Arrowhead Game Studios has built a business on forming cracks in even the strongest of friendships. In 2011, they released Magicka, a cooperative action game where you and three others don the robes of wizards wielding spells that would have made Dumbledore faint. With such unruly magic at your fingertips, casualties were inevitable on both sides of the fight. Helldivers takes that same idea—accidentally butchering your friends—and slaps a macho “hurrah democracy!” label on it in the vein of Starship Troopers for a winning combination of chaotic action and hilarious fun.
It turns out that every piece of far-future science fiction released in the past decade was right: the future is a pretty ugly place. Humanity is at war with just about every species in the galaxy at the same time. With a foreign policy that would make Genghis Khan blush, it’s a good thing humanity has one secret weapon up their sleeve: Helldivers.
There is no doubt that Helldivers is at its best when played with three other friends. While it is possible to embark on missions against alien threats by yourself, doing so often fluctuates between moments of extreme boredom or frustration as you’re either forced to tackle missions too easy to challenge or too challenging to complete alone. Playing with groups of strangers can work, but expecting the coordination required to take down Helldivers’ toughest missions from random people online is a losing battle.
But when you do find that perfect group, either with friends or strangers, Helldivers has the potential to become one of the most exciting multiplayer experiences of the year. As hordes of enemies rush your squad’s position, ammo dries up, and you desperately eye the timer counting down to when the dropship will arrive to whisk you to safety at the end of a mission, Helldivers frequently can take your breath away—or leave you laughing hysterically when the dropship finally lands and you were too busy shooting aliens to realize where it was landing was right on top of you.
Death in Helldivers is merciless and swift. Whether it comes from a robot dog thing that rushed you while you were reloading or from straying into the line of fire of your own automated turret, you will die. And those moments of death, unintended or otherwise, often provide you with Helldivers’ most memorable moments; everything is going wrong and all you can do it watch in horror and laugh.
Fortunately, Helldivers comes packed with enough toys and weapons to make sure that these deaths are almost always spectacular. As the most armed force in the galaxy, there is no shortage of ways to murder aliens—and the occasional teammate. Alongside a host of various primary weapons that you can unlock and customize, Helldivers also provides you with a treasure trove of goodies to use in the field in the form of “stratagems”.
Of the dozens you can unlock, only four can be brought with you on missions, so choosing how to build your character is a must. Once in the field, stratagems are called down from orbit using a combination of button presses and then throwing a grenade to mark the spot where the equipment will land. Helldivers has a massive selection of equipment to choose from, from vehicles, mech suits, anti-armour weapons, jetpacks, various types of airstrikes, automated turrets, and even deployable obstacles to funnel enemies into killzones—the options are staggering.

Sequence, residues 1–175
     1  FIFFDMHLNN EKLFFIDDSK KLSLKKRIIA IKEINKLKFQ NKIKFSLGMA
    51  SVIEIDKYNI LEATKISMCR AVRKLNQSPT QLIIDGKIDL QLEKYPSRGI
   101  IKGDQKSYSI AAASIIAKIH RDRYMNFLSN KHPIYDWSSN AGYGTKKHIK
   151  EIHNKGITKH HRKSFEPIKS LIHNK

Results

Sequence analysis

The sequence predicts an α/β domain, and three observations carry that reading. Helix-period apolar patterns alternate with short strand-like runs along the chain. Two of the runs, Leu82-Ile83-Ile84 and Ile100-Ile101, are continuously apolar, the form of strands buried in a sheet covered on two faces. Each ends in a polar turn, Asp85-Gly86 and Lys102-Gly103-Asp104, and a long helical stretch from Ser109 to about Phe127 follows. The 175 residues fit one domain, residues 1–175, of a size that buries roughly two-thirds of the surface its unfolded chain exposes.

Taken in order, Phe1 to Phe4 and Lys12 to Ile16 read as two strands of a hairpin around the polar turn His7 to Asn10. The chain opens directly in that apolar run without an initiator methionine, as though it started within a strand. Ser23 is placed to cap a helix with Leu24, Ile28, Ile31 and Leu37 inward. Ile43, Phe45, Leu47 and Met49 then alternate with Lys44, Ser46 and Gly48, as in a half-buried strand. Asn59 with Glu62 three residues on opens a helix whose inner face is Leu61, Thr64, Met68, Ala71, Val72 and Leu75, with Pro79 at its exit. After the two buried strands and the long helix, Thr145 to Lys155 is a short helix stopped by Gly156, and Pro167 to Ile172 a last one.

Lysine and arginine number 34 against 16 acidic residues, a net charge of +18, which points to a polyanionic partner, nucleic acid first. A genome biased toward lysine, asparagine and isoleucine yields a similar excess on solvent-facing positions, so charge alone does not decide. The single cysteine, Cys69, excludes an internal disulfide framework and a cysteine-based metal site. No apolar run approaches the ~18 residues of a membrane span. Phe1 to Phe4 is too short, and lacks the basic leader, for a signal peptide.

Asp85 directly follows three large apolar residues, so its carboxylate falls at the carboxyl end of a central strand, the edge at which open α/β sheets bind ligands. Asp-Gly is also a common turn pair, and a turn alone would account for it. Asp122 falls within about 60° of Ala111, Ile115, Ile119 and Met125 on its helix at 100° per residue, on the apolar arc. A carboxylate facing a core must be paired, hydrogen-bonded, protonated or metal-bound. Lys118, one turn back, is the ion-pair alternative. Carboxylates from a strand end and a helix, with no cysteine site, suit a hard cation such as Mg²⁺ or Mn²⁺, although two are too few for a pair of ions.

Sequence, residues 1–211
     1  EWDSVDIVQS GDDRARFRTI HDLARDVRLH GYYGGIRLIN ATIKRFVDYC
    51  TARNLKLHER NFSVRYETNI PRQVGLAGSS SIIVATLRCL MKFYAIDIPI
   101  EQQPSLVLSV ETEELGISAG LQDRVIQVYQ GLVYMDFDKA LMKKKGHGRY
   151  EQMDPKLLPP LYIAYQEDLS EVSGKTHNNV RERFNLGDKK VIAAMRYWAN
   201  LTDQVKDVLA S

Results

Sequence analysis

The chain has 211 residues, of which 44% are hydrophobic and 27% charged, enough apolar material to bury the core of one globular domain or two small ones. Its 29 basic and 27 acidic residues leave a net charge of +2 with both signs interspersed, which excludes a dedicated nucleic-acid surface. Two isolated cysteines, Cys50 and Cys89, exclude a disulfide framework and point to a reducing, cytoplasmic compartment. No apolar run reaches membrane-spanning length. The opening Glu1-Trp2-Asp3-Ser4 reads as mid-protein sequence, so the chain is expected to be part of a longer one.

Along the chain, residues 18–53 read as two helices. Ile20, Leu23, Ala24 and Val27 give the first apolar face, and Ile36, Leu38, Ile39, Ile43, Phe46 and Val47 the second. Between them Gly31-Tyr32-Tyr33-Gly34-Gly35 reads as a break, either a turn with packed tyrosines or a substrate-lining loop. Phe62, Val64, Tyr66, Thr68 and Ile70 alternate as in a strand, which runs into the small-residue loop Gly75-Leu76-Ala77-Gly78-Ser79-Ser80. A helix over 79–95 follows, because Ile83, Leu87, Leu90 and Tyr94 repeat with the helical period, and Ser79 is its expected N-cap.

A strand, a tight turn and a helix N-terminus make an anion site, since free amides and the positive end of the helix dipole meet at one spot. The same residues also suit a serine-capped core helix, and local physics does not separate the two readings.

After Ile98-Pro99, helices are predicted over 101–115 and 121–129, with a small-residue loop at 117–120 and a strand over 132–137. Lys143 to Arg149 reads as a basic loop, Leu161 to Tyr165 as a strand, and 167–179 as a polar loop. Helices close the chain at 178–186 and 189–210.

But as chaotic as Helldivers can be, knowing when to use these stratagems in concert with the rest of your squad provides a depth of strategy and teamwork that few other multiplayer games can aspire to. On the highest difficulty missions, squads will need nothing less than perfect teamwork and discipline in order to succeed. With death being one misstep away, and hordes of enemies frequently overrunning your positions, players will need to act just like a real squad and cover each other and work together as best as they can, and that’s when Helldivers is at its best. Fortunately, dead teammates can be called back into action with their own stratagem. As long as one of you survives, there is hope for the whole squad.
Sadly, those moments of tension—where you’re hanging on by just a thread—can be ruined by a few of Helldivers‘ problems. The biggest is that as fun as Helldivers can be it can also become overly repetitive very quickly. Missions are little more than a random jumble of the same objectives over and over again, and while it’s not the destination but the journey that makes Helldivers fun, the lack of diversity in what you’re doing in the field can really begin to bore sometimes.
Missions tie into an overarching campaign that every player contributes to. The more you fight one type of alien threat, the more you conquer their territory and drive them back. But sadly, I cared little for this campaign and its implications on a day-to-day basis. While it was interesting logging in and seeing how the frontlines had shifted since I had last played, there is little to incentivize you to become attached to the progress of the war. Furthermore, your contribution is so incremental and small that it rarely ever feels meaningful—like voters lamenting how little their one vote makes a difference.
Helldivers is hands down one of my favorite multiplayer experiences of this year. If you can recruit a few friends (there is a split-screen option for local play), Helldivers results in all the chaotic hilarity you’d need to keep you invested for hours on end. Without friends, Helldivers still is a ton of fun, but expect the fatigue of limited objectives and a shallow campaign to set in more readily. Either way, Helldivers is absolutely one war you should enlist for.